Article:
September 17, 2011 Leave a comment
One of the lessons I learned during the first 1/3 review of Making Java Groovy is there are two kinds of developers interested in the book: those who already know both Groovy and Java, and those who are only comfortable with Java. The goal all along has been to show how Groovy and Java can work together, and to do that I need to rely on a certain minimum knowledge of Groovy. I originally planned to add an appendix to the book that would act as a Groovy tutorial for those readers who wanted it, with special attention to existing Java developers who hadn’t worked with Groovy yet.
While that plan was arguably reasonable, I quickly learned that I needed to add those tutorial chapters sooner rather than later. Java developers reading the MEAP (Manning Early Access Program) were almost immediately out of their depth, and knowing that a tutorial chapter was going to be added eventually didn’t help.
Therefore, two new chapters have been added to the MEAP over the past few weeks. One is called “Groovy by Example,” and is the new Chapter 2. In this new chapter, I walk through a few small but non-trivial examples of interesting problems that I solve with Groovy, highlighting aspects of the language as I go. I hope the Java developers find that helpful, and the Groovy developers like the approach, or at least like the applications. I especially go through my Groovy Baseball example in some detail, which hopefully readers will find interesting.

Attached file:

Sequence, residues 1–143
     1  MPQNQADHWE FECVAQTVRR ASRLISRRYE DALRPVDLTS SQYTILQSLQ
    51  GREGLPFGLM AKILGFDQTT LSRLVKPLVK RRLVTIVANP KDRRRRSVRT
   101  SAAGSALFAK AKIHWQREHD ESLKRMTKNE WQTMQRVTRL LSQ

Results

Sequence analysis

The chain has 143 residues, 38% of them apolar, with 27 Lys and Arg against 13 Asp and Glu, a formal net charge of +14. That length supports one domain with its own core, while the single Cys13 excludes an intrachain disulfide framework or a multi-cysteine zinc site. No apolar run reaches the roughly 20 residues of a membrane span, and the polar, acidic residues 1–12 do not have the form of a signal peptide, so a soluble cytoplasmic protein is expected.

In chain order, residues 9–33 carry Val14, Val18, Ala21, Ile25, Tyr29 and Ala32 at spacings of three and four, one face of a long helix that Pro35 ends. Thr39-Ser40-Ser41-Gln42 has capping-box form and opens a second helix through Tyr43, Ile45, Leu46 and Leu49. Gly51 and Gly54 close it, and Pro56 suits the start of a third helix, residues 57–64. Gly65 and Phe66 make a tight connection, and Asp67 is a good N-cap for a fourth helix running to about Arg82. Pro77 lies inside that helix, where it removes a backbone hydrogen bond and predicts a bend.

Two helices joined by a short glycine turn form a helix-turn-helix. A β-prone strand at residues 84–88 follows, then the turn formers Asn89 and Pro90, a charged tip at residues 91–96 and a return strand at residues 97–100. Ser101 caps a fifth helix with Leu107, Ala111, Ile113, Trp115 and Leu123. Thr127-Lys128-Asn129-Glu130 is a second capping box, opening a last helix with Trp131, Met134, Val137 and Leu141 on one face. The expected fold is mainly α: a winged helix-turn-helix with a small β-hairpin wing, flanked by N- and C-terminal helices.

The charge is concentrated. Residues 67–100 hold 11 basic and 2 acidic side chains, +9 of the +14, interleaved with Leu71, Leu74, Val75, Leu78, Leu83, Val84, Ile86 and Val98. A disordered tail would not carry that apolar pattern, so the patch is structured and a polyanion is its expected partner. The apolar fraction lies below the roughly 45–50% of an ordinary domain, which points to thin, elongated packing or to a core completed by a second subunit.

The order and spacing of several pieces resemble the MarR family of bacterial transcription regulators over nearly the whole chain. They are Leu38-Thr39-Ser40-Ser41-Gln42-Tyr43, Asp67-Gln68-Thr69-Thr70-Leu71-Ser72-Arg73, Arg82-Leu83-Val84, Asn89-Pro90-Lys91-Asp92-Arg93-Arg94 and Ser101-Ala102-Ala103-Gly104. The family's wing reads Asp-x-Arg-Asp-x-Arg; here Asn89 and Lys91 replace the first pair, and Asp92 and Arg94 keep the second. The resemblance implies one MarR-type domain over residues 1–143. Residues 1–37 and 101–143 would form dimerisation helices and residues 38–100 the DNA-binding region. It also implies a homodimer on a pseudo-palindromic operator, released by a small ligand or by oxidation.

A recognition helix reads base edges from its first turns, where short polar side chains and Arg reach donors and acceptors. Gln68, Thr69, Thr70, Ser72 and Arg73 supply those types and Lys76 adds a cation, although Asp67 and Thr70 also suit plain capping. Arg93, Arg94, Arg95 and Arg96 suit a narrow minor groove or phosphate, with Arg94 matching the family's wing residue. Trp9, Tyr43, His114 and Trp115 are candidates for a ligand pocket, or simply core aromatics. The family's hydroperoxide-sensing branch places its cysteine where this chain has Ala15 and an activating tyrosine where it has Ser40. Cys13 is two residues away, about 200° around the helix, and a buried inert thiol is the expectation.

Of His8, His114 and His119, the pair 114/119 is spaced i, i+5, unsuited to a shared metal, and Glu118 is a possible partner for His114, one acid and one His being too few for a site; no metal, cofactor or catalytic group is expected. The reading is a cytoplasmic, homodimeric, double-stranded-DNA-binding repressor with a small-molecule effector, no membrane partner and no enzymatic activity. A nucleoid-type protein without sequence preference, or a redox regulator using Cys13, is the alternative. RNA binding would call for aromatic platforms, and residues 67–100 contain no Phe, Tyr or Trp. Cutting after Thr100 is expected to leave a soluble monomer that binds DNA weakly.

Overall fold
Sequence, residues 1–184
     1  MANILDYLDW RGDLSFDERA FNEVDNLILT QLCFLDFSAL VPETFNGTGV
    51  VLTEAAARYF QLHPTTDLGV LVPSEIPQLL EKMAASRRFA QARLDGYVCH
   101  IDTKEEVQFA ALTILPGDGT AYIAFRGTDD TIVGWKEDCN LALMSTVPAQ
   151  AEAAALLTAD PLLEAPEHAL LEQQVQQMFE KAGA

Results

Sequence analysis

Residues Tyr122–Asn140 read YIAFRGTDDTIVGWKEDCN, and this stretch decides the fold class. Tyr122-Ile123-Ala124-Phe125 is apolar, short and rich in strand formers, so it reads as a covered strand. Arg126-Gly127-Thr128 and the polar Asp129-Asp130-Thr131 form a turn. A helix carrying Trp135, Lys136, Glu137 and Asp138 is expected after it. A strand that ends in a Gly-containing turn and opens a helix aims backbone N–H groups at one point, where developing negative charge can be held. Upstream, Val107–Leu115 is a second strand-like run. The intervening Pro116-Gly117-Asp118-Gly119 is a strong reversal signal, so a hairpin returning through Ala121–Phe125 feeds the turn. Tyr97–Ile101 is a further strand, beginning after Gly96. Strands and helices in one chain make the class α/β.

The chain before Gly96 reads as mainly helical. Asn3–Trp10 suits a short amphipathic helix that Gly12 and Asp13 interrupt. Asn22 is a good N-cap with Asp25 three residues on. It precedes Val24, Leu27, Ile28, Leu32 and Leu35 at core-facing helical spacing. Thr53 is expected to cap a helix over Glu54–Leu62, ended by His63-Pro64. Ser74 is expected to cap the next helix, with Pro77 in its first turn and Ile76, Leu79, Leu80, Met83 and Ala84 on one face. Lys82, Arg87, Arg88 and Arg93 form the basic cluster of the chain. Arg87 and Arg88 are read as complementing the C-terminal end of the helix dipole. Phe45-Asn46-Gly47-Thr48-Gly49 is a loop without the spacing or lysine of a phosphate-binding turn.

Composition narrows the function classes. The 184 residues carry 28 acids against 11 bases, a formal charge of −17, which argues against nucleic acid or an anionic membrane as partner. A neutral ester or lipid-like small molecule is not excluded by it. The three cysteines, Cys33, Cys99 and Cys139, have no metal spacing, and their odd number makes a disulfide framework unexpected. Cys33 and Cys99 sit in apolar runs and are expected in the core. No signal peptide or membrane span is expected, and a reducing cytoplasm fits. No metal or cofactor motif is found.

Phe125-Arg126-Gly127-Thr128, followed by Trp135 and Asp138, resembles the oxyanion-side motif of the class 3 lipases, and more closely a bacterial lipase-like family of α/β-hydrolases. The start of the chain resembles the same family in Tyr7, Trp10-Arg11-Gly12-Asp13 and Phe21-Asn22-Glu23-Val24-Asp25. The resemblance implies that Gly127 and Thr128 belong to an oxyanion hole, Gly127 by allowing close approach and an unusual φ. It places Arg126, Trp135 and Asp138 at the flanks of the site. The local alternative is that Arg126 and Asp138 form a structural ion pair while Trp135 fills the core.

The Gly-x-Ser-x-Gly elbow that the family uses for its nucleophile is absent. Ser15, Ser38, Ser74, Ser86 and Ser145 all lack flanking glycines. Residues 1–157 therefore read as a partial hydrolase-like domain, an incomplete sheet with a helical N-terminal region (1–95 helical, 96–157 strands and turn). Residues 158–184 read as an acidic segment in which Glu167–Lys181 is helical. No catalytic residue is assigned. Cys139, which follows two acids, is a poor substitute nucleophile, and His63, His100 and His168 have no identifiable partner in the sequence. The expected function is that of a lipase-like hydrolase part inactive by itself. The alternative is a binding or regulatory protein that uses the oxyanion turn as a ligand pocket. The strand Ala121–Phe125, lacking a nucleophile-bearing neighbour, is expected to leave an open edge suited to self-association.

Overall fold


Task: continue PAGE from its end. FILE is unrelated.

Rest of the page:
The other new chapter is called “Groovy by Feature”, which is a more traditional tutorial introduction to Groovy, filled with small, self-contained snippets of Groovy code for each feature. The plan was for this to be a regular chapter, but we (my editor, mostly) realized that it probably works better as Appendix A, which is where it is now.
By following the standard tutorial approach in one chapter and an example-based approach in another, hopefully I’ll meet the needs of developers with either learning style.
Now that those are in the MEAP, I’m working on the chapter on testing, which will include GroovyTestCase, StubFor and MockFor, Expandos, and, of course, Spock. I’m still trying to decide whether to include sections on easyb and Cucumber, or whether that will make the chapter too long. Any feedback is welcome on that.